Education innovator Salman Khan said his Khan Academy is always searching for new talent, and the hedge-fund-analyst-turned-digital-pioneer urged a full house in Spaulding Auditorium to send him videos he could consider using on his free, online education site.
“Try and make some content yourself,” said Khan, as he told the story of his online venture and its videos that in two years’ time have attracted almost 6 million unique users and delivered 140 million lessons. “The sky’s the limit.”
“We’re at this inflection point in history,” he concluded, receiving a standing ovation from the crowd. We can be this institution for the world.”
Salman Khan, founder of the Khan Academy, spoke before a full house in Spaulding Auditorium on April 23. His lecture was part of the “Leading Voices in Higher Education” series. (photo by Eli Burak ’00)
In introducing Khan, Dartmouth Provost Carol Folt said, “Sal’s beautiful idea of a free, world-class education for anyone anywhere has reached across the world to engage millions of people, new learners, and has challenged even the most venerable institutions to think bigger, to think about teaching in new ways, to experiment with their teaching in order to improve, and to strive to a completely new gold standard for education.”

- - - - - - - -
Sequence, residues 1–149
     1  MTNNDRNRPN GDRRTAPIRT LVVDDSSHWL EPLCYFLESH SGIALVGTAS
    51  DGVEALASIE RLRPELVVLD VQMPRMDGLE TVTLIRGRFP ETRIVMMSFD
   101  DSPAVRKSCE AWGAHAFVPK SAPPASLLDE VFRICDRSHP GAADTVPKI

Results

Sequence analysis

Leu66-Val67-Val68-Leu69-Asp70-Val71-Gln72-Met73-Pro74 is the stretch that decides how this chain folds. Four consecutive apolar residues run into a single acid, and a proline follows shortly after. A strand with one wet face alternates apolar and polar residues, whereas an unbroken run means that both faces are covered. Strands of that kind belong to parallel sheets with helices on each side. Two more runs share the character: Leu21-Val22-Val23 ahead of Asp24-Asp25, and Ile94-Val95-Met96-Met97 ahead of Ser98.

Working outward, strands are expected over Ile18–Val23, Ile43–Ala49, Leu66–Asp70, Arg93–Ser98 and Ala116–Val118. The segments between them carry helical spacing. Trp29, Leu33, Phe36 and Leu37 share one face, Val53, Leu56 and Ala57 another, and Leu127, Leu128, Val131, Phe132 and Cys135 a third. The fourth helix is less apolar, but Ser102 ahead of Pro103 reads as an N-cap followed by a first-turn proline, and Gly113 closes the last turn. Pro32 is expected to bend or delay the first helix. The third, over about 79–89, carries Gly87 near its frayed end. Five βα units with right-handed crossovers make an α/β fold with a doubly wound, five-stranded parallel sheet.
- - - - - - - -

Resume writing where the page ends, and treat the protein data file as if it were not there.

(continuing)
“Khan Academy’s success has been electrifying,” she said.
Khan, who on April 18 was named one of the 100 most influential people in the world by Time magazine, started putting together online math lessons in his spare time in 2004, tutoring first one cousin, then many others.
“I became something of a tiger cousin,” he joked.
Khan’s speech was part of the “Leading Voices in Higher Education” series, in Dartmouth’s strategic planning process, which began last summer. The next speaker is former Princeton University Dean Nancy Weiss Malkiel, on Tuesday, May 1, at 4:30 p.m., in Carson Hall room L01. Malkiel spent 23 years as dean of the college at Princeton—the school’s longest-tenured person in that position.
Khan’s pitch excited many in the crowd, including Laura Coyle ’12. The Dartmouth senior is headed to medical school next year but said Khan’s talk has her reconsidering her future.
“It made me want to decide to defer for a year and work for him,” she said.